Moreover, the United States is not seeking to enforce the state statute under which Angleton was acquitted. Instead, Congress has criminalized interstate activities involving murder for hire. Because Congress has acted within constitutional bounds, United States v. Marek, 238 F.3d 310, 321 (5th Cir.) (en banc), cert. denied, 534 U.S. 813, 122 S.Ct. 37, 151 L.Ed.2d 11, and cert. denied, 534 U.S. 813, 122 S.Ct. 37, 151 L.Ed.2d 11 (2001), it is free to define the crime as it deems proper, United States v. Kozminski, 487 U.S. 931-939, 108 S.Ct. 2751, 101 L.Ed.2d 788 (1989), including the derivative use of borrowed statutes.
Angleton reasons that § 1958(a) should be interpreted as requiring the United States to demonstrate a “substantial federal interest” before bringing a successive federal prosecution of an acquitted state murder for hire charge. He contends that in enacting § 1958(a), Congress “anticipated the grave federalism concerns raised by a successive prosecution under the statute by indicating an intent to reserve any federal prosecution ․ to cases raising substantial federal interests.”
Angleton's argument is tantamount to urging an adoption of the Department of Justice's “Petite policy,” which permits federal prosecutors to obtain authorization to bring a federal prosecution following a state prosecution for the same underlying conduct, where the state proceeding has left “substantial federal interests demonstrably unvindicated.” United States v. Jones, 808 F.2d 561, 565 (7th Cir.1986). As Angleton concedes, the Petite policy is not constitutionally mandated, because “the Constitution does not prohibit successive state-federal prosecutions.” United States v. Nelligan, 573 F.2d 251, 254 (5th Cir.1978) (citing Rinaldi v. United States, 434 U.S. 22, 28, 98 S.Ct. 81, 54 L.Ed.2d 207 (1977)).
So far as Angleton's argument can be interpreted as requiring a substantial federal interest to keep § 1958 within the scope of the Commerce Clause, it is also foreclosed. We recently confirmed the constitutionality of § 1958(a) in Marek, 238 F.3d at 320, interpreting the statute broadly to allow even intrastate use of a facility of interstate commerce.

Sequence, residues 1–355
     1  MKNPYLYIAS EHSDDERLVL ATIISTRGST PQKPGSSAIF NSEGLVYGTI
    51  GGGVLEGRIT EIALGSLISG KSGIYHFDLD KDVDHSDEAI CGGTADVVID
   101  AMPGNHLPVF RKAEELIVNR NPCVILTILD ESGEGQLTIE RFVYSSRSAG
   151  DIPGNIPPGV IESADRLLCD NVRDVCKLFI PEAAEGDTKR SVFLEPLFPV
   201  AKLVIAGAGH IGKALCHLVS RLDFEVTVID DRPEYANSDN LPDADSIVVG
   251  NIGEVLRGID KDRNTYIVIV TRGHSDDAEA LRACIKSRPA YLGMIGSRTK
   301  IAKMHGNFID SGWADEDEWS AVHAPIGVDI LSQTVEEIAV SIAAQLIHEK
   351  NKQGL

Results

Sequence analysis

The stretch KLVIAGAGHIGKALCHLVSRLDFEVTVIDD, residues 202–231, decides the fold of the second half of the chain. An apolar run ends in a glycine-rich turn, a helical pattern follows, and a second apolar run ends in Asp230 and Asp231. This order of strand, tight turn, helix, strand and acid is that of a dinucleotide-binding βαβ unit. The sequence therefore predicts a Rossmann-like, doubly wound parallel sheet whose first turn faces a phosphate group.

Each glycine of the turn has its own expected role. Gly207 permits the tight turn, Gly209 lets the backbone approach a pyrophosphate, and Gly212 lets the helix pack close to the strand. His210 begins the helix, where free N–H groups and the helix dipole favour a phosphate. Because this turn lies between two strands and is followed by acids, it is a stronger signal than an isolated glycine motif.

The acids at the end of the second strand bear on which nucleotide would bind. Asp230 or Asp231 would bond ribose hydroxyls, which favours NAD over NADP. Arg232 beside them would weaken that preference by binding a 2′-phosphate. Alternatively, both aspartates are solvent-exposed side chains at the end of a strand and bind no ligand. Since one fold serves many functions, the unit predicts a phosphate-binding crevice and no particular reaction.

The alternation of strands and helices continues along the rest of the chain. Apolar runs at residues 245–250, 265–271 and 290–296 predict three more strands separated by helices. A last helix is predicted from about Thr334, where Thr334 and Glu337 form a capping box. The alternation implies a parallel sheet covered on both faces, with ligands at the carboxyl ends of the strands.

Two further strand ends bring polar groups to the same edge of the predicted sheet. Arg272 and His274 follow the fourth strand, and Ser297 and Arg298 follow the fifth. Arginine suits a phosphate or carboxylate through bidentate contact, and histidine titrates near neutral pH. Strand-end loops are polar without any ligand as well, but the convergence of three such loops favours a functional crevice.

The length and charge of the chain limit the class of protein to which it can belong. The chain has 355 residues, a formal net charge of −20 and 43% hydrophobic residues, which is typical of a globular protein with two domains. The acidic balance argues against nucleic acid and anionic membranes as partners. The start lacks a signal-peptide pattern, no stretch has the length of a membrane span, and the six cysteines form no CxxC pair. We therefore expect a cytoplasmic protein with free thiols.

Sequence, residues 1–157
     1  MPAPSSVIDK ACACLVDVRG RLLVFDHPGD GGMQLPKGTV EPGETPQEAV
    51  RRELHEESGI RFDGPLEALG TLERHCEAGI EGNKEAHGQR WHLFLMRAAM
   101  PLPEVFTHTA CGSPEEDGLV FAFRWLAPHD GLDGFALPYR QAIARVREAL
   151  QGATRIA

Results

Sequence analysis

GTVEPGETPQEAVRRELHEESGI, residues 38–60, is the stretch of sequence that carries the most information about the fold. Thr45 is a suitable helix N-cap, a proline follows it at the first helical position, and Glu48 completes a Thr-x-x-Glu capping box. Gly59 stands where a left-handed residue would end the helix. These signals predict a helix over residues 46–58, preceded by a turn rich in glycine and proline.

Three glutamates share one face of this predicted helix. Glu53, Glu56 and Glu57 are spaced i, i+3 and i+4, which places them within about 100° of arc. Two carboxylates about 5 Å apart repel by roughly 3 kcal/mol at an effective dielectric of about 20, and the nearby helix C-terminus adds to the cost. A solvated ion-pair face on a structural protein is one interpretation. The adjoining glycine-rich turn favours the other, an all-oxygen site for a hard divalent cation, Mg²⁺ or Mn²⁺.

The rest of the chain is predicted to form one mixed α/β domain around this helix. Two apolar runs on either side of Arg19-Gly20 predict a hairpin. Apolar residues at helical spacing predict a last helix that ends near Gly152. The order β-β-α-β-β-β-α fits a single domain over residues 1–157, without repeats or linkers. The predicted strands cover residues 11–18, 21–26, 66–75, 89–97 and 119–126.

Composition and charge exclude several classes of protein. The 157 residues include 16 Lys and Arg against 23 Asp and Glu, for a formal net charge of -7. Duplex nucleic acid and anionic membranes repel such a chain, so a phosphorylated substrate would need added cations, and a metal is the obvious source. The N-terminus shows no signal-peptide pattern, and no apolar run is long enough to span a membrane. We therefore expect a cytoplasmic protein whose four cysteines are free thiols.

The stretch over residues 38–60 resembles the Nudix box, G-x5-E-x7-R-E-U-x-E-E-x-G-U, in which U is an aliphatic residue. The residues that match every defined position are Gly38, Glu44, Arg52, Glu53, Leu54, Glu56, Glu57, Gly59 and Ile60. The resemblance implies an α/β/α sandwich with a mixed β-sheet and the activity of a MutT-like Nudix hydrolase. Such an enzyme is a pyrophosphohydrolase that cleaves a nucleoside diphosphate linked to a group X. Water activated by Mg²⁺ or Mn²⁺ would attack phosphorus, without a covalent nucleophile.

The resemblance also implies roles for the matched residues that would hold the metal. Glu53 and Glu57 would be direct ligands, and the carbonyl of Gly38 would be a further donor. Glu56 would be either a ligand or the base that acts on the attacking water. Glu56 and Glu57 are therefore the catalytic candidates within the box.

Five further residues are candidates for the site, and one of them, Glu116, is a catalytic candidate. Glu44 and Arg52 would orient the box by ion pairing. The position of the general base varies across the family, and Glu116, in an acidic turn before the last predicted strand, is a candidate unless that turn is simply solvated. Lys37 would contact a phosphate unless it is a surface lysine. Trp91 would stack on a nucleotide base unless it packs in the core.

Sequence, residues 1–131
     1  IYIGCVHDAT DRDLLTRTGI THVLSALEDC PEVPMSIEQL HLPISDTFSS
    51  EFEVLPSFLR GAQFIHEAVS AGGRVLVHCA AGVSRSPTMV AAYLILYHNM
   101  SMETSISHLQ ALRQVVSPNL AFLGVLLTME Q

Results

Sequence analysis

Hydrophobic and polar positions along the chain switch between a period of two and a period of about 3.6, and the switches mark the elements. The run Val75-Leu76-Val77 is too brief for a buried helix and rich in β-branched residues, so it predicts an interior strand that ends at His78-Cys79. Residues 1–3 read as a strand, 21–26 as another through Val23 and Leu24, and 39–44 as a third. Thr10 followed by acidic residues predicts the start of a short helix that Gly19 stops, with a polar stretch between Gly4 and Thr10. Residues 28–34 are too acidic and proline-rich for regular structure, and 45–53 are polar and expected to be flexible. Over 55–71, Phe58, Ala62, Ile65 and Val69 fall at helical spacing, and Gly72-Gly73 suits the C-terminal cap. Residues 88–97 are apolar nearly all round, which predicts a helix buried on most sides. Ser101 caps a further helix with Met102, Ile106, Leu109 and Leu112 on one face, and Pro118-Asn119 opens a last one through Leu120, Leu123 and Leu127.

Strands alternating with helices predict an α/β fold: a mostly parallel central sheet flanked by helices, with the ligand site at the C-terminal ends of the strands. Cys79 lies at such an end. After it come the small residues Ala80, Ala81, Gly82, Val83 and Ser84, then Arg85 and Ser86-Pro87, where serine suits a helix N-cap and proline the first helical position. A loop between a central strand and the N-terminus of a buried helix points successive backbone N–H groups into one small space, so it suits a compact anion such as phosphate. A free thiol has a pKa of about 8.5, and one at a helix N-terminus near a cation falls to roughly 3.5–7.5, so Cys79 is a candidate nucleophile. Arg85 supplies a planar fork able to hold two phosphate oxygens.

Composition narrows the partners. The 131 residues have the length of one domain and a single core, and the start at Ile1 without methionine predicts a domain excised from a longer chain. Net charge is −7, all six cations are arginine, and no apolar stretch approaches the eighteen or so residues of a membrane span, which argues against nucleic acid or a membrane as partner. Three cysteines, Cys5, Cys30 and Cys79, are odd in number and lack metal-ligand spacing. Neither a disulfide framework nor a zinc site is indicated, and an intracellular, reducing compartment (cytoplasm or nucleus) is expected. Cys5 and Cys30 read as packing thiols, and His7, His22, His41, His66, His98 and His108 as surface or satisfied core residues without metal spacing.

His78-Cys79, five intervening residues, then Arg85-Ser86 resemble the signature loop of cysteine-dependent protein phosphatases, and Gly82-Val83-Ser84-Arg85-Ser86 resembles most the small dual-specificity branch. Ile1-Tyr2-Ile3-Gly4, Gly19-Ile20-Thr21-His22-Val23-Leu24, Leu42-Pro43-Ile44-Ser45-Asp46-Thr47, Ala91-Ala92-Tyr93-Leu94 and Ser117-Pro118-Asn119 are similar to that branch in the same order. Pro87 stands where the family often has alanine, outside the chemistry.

Angleton argues that collateral estoppel prevents the empaneling of a federal jury to decide factual questions already determined by a state jury. Collateral estoppel, or issue preclusion, requires that “when an issue of ultimate fact has once been determined by a valid and final judgment, that issue cannot again be litigated between the same parties in any future lawsuit.” Ashe v. Swenson, 397 U.S. 436, 443, 90 S.Ct. 1189, 25 L.Ed.2d 469 (1970) (emphasis added). Collateral estoppel is inapplicable here, because the United States and Texas, as separate sovereigns, are not the “same party.”
In Ashe, the Court held that collateral estoppel is embodied in the Double Jeopardy Clause. Id. at 445, 90 S.Ct. 1189. Because that clause does not bar the United States from prosecuting a defendant for the same conduct after an unsuccessful state prosecution, and because collateral estoppel is embodied in the clause, collateral estoppel does not bar Angleton's successive federal prosecution. Because two sovereigns are permitted to prosecute for the same crime, “it would be anomalous, indeed, if a sovereign were allowed the greater power of reprosecuting individuals for offenses for which they had been acquitted but were denied the lesser power of proving the underlying facts of such offenses.” United States v. Tirrell, 120 F.3d 670, 676 (7th Cir.1997).
The order of the district court, denying Angleton's motion to dismiss the indictment, is AFFIRMED, and this matter is REMANDED for further appropriate proceedings. As the government requests, in the interest of expediting this matter, the mandate shall issue forthwith.
1. The joint task force has received one piece of new evidence, a tape recording of an interview Angleton gave to a writer, Vanessa Leggett. In addition, federal investigators contend that they have enhanced the quality of a surveillance tape of Angleton that was used at the state trial.
2. See, e.g., United States v. Basile, 109 F.3d 1304 (8th Cir.1997) (holding that the dual sovereignty doctrine permits a successive federal prosecution after a state acquittal, without addressing whether the underlying state murder charge and § 1958(a) constitute the same offense for purposes of double jeopardy); United States v. Koon, 34 F.3d 1416 (9th Cir.1994) (applying dual sovereignty doctrine without addressing whether state charges of assault with a deadly weapon and excessive use of force by a police officer were the same offenses, for double jeopardy purposes, as the deprivation of constitutional rights, 18 U.S.C. § 242).
3. United States v. Avants, 278 F.3d 510, 516 (5th Cir.) (citing Heath v. Alabama, 474 U.S. 82, 93, 106 S.Ct. 433, 88 L.Ed.2d 387 (1985)), cert. denied, --- U.S. ----, 122 S.Ct. 2683, 153 L.Ed.2d 854 (2002).
4. Note, Popular Sovereignty, Double Jeopardy, and the Dual Sovereignty Doctrine, 102 Yale L.J. 281, 290 (1992).